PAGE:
Planting Stories: The Life of Librarian and Storyteller Pura Belpré
“[this] story about Pura Belpré is pura alegría—pure joy!”
¡Qué celebración! Planting Stories is indeed a celebration of the life and legacy of Pura Teresa Belpré. What a treat to get to know the story behind the woman who inspired the prestigious American Library Association award given annually to a Latinx writer and illustrator. Like Pura Belpré herself, the first Latina librarian at the New York City Public Library, this award is given to the work that best captures the Latinx cultural experience in children’s literature.
Born in Puerto Rico, and raised on the stories her abuela (grandmother) shared with her, Pura Belpré immigrated to the United States as a young woman— arriving at first to attend her sister’s wedding and then deciding to stay. Working for a brief time in a garment factory, Pura then finds a job at the public library as a bilingual assistant. After discovering the absence of books and stories that reflected her childhood—“But where are her abuela’s stories? Not one folktale from Puerto Rico is on the shelves,”—Pura began to tell her own cuentos—by candlelight—to the delight of children. A beautiful storyteller in her own right, Anika Aldamuy Denise tells us how each story Pura shared was a “seed ready to plant and grow” in all that were listening.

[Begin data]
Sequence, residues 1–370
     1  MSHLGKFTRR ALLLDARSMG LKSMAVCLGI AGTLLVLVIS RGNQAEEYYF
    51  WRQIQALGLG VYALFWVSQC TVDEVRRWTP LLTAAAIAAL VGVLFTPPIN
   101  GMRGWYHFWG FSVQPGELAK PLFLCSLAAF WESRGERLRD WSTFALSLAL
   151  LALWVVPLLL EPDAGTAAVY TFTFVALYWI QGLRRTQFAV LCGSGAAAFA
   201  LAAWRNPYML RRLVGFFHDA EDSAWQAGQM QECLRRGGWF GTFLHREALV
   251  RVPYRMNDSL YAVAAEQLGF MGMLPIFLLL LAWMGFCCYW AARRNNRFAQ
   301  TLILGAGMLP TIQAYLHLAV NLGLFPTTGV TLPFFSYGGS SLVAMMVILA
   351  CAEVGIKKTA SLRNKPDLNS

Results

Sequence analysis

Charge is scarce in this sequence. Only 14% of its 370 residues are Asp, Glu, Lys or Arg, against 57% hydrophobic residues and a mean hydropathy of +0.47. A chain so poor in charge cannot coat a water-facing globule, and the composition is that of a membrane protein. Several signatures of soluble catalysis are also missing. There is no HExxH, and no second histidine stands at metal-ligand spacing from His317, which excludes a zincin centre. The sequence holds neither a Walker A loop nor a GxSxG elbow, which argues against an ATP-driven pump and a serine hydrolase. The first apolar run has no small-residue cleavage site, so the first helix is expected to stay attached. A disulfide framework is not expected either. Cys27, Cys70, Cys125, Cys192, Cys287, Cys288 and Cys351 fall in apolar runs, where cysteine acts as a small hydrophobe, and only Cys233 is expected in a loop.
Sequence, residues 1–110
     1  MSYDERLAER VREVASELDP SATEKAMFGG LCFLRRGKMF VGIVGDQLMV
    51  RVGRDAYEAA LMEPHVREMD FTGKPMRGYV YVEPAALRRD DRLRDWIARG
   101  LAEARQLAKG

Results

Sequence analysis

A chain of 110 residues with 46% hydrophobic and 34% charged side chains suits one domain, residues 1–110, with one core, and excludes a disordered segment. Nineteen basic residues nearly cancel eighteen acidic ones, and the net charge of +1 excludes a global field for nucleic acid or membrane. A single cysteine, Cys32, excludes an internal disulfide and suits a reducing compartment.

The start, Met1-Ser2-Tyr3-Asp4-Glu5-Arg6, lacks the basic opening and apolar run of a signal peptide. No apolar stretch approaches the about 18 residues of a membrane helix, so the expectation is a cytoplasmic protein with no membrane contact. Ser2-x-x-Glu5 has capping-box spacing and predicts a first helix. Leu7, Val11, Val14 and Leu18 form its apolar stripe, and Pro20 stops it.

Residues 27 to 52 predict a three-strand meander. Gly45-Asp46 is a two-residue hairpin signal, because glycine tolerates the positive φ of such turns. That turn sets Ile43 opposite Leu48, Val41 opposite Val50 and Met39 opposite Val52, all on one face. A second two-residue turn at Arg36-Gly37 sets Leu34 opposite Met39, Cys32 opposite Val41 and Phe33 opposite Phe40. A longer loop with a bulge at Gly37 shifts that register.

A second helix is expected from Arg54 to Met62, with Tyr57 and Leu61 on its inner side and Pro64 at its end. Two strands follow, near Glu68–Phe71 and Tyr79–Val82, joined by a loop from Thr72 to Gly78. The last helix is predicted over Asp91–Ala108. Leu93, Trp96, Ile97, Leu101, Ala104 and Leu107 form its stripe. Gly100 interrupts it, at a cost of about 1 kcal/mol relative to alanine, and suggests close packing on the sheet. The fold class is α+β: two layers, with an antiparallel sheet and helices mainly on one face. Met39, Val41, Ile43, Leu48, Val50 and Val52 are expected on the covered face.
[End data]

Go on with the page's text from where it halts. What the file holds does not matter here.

Paola Escobar’s warm and colorful illustrations are intimate and welcoming. Through these lovely illustrations, the reader becomes a member of Pura’s audience as she makes her stories come alive (in English and Spanish) through puppetry (which she makes by hand): “Families come to hear folktales en inglés y español, to watch Pura’s puppets dance across the stage of her stories.”
We learn that Pura then becomes an author, writing children’s books like Pérez y Martina, about a beautiful Spanish cockroach (cucarachita) and handsome mouse (ratoncito). According to the Author’s Note, Pura’s books “became the first mainstream Latinx storybooks published in America.”
Pura marries a musician and through their life and travels together, Pura continues to plant her story-seeds across the land. After her husband dies Pura returns to the library and sees how “the seeds she has planted, the roots that grew shoots into the open air of possibility, have become a lush landscape into which she steps, as though she never left.” To her delight, Pura saw how her stories inspired so many others to tell their stories. What a legacy.
In reading Planting Stories children everywhere will not only learn about the life of this remarkable woman, but will be encouraged to tell their own colorful and rich stories from near and far.
¡Felicidades, Anika y Paola! Your story about Pura Belpré is pura alegría—pure joy!